Rajagopalachari’s ‘Swarajya’ to be relaunched soon
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New Delhi: Swarajya, a 58-year-old liberal magazine founded by freedom fighter and India’s last Governor-general C. Rajagopalachari, which became famous for arguing the case for the Indian political Right, is being revived after 34 years.
Kovai Media, a company registered in Coimbatore, will revive the magazine in both online and print versions. While the digital daily called Swarajyamag.com will see its beta version being launched in the next few days, the print version will be launched as a monthly in January 2015.
The relaunch takes place under what many would argue are well-suited, if not near perfect, political and economic circumstances, with much of the mainstream intellectual opinion in India having swung to the right of centre.
Sandipan Deb, editorial director of Swarajya, said that the weekly magazine launched by Rajagopalachari in 1956 was the first to argue against Nehruvian socialism. “We are now re-launching it as a liberal, opinions magazine,” he said. Media website Newslaundry first reported on the re-launch of Swarajya.
Deb was founding editor of the English weekly news and current affairs magazine OPEN, editor at The Financial Express newspaper and managing editor of the general news magazine Outlook. Deb writes a column for livemint.com. T.R. Vivek, editor of the personal finance magazine Finepolis, will join Swarajya as executive editor.
Explaining the mission of the magazine in its early days, Rajagopalachari, popularly known as Rajaji, wrote: “There is before the country the great problem of how to secure welfare without surrendering the individual to be swallowed up by the State, how to get the best return for the taxes the people pay and how to preserve spiritual values while working for better material standards of life. This journal will serve all these purposes.”
Deb said, “Swarajya will be an authoritative voice of reason representing the liberal centre-right point of view. In its second coming, the magazine will remain committed to the ideals of individual liberty, freedom of expression and enterprise.”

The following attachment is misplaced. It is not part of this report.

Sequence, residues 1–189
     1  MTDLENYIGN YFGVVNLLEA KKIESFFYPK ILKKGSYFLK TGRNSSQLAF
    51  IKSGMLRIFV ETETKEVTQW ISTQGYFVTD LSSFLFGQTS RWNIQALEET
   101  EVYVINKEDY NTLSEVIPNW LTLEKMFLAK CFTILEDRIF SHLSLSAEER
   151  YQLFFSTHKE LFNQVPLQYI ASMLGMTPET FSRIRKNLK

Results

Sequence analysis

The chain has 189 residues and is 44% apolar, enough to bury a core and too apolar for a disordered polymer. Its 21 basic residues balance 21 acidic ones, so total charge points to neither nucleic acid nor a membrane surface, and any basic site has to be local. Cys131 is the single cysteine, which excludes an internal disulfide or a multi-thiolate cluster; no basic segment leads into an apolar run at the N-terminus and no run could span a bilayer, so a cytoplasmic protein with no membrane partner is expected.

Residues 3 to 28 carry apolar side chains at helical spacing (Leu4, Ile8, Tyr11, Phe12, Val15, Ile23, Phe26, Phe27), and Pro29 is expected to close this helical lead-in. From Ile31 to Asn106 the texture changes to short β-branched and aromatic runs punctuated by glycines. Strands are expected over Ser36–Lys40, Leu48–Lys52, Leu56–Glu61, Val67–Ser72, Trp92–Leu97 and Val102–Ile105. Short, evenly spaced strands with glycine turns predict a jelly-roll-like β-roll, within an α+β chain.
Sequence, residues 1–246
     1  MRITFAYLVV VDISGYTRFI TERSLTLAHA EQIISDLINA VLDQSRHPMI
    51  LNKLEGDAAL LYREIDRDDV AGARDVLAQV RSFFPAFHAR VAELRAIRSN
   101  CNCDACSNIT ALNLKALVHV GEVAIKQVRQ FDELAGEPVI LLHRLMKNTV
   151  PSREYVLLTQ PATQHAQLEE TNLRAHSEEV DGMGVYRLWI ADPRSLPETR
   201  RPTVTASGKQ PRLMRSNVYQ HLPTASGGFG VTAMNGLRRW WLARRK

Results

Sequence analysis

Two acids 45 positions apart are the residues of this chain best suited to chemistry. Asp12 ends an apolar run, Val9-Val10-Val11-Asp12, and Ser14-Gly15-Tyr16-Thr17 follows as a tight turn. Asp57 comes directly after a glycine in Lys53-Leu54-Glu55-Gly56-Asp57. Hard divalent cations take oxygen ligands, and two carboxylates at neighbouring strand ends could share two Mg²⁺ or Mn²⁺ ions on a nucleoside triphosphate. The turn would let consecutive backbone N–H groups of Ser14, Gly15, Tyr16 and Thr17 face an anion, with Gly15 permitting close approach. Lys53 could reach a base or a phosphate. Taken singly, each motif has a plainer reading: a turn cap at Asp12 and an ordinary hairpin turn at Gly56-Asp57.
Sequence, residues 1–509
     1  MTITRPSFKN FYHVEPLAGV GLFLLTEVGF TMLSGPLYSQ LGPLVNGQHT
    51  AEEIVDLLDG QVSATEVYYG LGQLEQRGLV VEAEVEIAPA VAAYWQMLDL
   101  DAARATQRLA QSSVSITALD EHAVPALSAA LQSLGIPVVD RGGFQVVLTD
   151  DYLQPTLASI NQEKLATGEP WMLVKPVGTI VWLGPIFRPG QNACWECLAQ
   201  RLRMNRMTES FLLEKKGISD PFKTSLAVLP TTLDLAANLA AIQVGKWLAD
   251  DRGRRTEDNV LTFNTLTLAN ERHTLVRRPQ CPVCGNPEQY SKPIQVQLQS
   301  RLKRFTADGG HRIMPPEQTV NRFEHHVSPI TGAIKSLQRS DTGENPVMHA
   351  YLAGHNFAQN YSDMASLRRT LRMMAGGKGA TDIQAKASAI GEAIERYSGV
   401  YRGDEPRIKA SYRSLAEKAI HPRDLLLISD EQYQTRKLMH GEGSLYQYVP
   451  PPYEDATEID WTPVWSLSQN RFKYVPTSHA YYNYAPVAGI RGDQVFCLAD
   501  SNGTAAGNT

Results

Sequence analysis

For the digital media product, the company plans to offer tablet and smartphone versions and provide daily commentaries, blogs, insta-opinions, interactive multimedia content, podcasts, videos and other web exclusives. “Swarajya’s focus will be on what we have identified as the social, political, economic and cultural life of India. We will be a ‘viewspaper’ on the web and in print with a serious arts and culture section,” Deb added.
The rights for brand Swarajya have been bought from the Chennai-based publishing house Bharathan which publishes the popular Tamil magazine Kalki. The company has also got the rights to 40,000 pages of content from Swarajya which carried articles by figures such as the Dalai Lama —the Tibetan spiritual leader wrote on his escape from China—and late president R. Venkataraman.
The magazine’s slow decline began after Rajaji passed away in 1972 and it folded up in 1980. According to Deb, although Rajagopalachari was the patron of the magazine, he did not hold any official position in it. “But he proof-read and subbed the articles, wrote editorials under ‘Dear India’ (a popular column) and ideologically dictated the magazine,” Deb said.
The magazine will now be part of Kovai Media, set up by entrepreneurs Prasanna Vishwanathan and Amarnath Govindarajan in 2009, that operates the web portal www.centreright.in (CRI). CRI will be absorbed in the new venture and the stake of the founders of Kovai will get diluted with new shareholders, including angel investors, putting money into the company.
Deb did not divulge the amount of money being invested in the business but claimed the second round of funding has been lined up for March 2015. “The investors have a profit motive and they are also ideologically aligned with the product. However, no political party is an investor in this venture,” he said.
The editorial advisory board of Swarajya includes Jerry Rao, an advocate of liberal centre right thought and the founder and former CEO of IT company MphasiS, economists Surjit S. Bhalla and Bibek Debroy, and Swapan Dasgupta, veteran journalist and a voice from the Indian right.
Kovai expects the digital version of the magazine to generate revenue from subscriptions. It also hopes to extend the brand into events by inviting some of the world’s leading thinkers in disciplines like politics, technology and philosophy.
“Swarajya will be fiercely independent, we will not be politically partisan. It is a not a mouthpiece of any political party or individual,” said Deb.
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